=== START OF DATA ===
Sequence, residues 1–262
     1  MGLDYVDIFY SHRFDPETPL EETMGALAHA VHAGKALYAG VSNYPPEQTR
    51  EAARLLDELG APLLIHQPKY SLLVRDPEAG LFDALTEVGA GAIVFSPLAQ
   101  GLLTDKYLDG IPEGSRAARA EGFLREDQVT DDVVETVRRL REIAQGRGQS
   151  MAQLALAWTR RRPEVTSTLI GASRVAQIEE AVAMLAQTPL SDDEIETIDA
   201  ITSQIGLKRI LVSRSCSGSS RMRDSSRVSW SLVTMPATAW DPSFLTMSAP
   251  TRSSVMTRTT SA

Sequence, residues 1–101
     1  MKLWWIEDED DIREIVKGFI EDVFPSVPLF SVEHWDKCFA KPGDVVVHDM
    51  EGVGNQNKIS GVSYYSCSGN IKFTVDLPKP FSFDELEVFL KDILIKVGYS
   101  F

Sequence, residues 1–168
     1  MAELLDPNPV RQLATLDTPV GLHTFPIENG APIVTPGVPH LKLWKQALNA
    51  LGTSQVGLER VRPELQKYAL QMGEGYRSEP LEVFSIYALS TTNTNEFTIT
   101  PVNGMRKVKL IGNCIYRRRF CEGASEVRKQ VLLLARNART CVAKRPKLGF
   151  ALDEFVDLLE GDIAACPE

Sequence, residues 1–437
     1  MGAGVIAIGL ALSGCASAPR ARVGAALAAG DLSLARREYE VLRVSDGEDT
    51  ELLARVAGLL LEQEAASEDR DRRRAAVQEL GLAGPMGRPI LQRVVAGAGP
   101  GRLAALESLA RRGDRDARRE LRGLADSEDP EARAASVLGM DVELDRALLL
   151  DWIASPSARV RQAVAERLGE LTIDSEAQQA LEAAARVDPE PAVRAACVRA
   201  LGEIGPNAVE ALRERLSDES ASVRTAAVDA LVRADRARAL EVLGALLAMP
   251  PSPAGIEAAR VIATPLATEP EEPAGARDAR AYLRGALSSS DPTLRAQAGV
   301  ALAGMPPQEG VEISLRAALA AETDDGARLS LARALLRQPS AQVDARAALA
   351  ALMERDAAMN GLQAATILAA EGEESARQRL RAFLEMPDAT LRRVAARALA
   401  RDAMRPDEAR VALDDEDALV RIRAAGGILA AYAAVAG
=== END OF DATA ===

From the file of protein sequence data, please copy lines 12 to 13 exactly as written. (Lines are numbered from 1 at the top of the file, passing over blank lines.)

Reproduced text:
Sequence, residues 1–168
     1  MAELLDPNPV RQLATLDTPV GLHTFPIENG APIVTPGVPH LKLWKQALNA